Undergraduates are borrowing too much against future incomes, and many graduate students are borrowing to obtain degrees that will not markedly improve their circumstances.

In the face of all this, the U.S. private sector is proving remarkably resilient.

Neither policy missteps in Washington nor purposeful incompetence in Europe can keep American capitalism down.

However, the economy would be doing a darn sight better with better leadership on both sides of the pond.

Peter Morici


Robert H. Smith School of Business

University of Maryland



China Real Estate Woes

Dodd Frank

Greek Riots

Student debt

We  get pretty excited when we learn of new photographic technology, just like when machinists  learn of a new tool coating or substrate material.

So we were really excited when we learned  of the Mesolens Confocal Microscope  being developed at the University of Strathclyde in  Glasgow.

The mesolens is capable of showing three-dimensional images within cells and tissues at the same time as showing the whole organism, something which is currently not possible with any single imaging device.

Fleas typically aren't much larger than the period at the end of this sentence.

According to Dr. Brad Amos, Visiting Scientist there:

“The information provided by microscopes is vital to this process but can take hours at a time to emerge. The confocal lens can be trained simultaneously on or inside an individual cell and the full organism, with strong resolution and will have the capacity to deliver 3D images which go far beyond the limitations of 2D representations.

“This level of detail can open up vast possibilities for discoveries which can contribute to the fight against disease worldwide.”

Dr Gail McConnell, a Reader at the Strathclyde Institute of Pharmacy and Biomedical Sciences, is a partner in the research. She said:

“Our research fits with Strathclyde’s ethos of technical innovation with universal impact. We already have the two-dimensional technology for the lens in place, but a third dimension will allow us to take the revolutionary step of presenting images with a range and versatility which no single imaging platform can currently offer.”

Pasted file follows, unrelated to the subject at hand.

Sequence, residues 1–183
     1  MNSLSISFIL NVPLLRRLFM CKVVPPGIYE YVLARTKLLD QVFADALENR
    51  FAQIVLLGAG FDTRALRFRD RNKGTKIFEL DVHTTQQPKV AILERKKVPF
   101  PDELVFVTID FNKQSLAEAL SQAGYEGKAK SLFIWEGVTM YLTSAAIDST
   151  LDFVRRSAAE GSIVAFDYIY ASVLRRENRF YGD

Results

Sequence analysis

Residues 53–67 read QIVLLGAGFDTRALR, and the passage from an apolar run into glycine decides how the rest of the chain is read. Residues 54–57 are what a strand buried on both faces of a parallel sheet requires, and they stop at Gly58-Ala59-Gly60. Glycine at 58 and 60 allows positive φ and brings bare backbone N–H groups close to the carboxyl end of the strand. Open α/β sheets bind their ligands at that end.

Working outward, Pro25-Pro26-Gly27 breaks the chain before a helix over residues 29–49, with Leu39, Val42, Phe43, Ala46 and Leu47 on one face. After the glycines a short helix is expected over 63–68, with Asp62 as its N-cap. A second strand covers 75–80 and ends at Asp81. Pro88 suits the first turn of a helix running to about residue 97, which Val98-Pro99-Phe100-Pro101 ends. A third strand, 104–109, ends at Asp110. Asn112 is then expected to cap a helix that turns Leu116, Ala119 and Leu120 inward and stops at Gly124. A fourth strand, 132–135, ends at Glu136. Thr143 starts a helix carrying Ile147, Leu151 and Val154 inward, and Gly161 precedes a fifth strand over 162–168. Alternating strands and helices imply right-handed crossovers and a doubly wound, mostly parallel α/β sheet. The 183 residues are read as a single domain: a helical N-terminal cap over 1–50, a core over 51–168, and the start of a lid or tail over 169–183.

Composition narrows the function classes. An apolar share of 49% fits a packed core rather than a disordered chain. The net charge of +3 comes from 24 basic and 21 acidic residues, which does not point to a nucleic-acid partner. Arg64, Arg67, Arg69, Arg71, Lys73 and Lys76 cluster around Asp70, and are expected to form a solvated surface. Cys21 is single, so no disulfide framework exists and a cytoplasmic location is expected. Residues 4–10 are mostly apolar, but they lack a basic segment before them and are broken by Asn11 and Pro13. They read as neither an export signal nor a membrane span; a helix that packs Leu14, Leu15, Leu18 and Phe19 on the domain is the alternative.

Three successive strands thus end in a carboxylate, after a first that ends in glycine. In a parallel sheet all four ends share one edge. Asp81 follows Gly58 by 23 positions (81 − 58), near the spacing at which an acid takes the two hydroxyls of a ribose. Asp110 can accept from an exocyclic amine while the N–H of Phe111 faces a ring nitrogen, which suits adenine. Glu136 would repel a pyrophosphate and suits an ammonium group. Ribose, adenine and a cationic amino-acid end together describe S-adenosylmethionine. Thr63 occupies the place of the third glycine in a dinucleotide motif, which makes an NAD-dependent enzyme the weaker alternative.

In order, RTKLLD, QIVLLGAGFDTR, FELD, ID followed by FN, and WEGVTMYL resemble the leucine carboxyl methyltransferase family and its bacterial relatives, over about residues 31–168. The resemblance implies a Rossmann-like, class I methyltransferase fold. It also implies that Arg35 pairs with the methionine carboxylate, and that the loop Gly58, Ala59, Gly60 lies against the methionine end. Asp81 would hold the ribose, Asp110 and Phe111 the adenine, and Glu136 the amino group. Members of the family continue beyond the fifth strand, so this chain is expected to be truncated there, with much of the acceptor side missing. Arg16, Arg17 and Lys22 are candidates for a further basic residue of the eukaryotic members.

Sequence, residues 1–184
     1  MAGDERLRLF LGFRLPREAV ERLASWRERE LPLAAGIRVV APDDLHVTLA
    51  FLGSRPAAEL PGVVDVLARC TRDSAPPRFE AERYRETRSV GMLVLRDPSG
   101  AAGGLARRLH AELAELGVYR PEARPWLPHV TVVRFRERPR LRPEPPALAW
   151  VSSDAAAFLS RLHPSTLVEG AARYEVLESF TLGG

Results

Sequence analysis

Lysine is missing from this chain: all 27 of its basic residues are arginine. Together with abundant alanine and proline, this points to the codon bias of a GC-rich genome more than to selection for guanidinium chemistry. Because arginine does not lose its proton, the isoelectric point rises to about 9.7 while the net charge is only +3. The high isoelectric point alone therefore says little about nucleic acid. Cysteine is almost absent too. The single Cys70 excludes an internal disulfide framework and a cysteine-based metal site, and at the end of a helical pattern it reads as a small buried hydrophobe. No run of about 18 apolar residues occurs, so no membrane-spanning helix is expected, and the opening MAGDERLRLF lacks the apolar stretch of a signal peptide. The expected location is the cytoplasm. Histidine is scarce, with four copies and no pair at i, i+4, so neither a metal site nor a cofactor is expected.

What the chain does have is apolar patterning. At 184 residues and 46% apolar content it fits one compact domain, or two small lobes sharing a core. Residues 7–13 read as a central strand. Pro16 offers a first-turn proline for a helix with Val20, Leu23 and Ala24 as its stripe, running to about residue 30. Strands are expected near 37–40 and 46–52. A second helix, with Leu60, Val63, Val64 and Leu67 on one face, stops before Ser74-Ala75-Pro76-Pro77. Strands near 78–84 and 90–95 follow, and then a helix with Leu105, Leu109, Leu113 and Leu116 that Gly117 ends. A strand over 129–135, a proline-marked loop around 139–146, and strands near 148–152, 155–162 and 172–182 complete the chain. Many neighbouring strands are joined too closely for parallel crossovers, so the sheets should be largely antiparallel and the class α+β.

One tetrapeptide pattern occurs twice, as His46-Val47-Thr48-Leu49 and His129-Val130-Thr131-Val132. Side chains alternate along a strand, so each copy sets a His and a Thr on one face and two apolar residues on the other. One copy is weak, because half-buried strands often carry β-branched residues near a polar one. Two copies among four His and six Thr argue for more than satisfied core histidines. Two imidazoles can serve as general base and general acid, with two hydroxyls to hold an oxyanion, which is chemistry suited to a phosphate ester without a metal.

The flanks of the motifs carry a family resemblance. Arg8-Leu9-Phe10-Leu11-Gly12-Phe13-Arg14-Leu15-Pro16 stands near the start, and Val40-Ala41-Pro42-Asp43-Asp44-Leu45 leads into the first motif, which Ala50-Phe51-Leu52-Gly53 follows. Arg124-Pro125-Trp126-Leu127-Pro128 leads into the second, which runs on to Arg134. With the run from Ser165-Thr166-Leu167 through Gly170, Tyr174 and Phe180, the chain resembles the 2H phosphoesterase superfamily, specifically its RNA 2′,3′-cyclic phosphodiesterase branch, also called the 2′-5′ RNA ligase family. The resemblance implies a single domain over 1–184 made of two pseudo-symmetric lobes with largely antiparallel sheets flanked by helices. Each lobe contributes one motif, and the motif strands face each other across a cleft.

I like her thinking: “…ethos of technical innovation with universal impact.”

It reminds me of our role in the precision machining industry making  human safety critical, highly engineered products with our own ‘ethos of technical innovation with universal impact.’

Attendees and shop owners agree: The 2012 PMPA National Technical Conference was a major success!

Who thinks that this is a great conference?


“All the sessions I went to this year were excellent, with many items to bring back both professionally and personally. Tools to use, help train others in our shop and increase our competitiveness.”– Shop owner

“As a group of all first-timer’s this year we found it to be a great networking experience and all brought back something to share with our colleagues.”- First time attendee.

If the just wrapped up PMPA National Technical Conference held over the weekend in Wheeling, Illinois on Chicago’s North Side is any indication, our Precision Machining Industry is doing very well these days.

  • Over 420 people in total attended, over 100 of the attendees were attending our conference for the first time.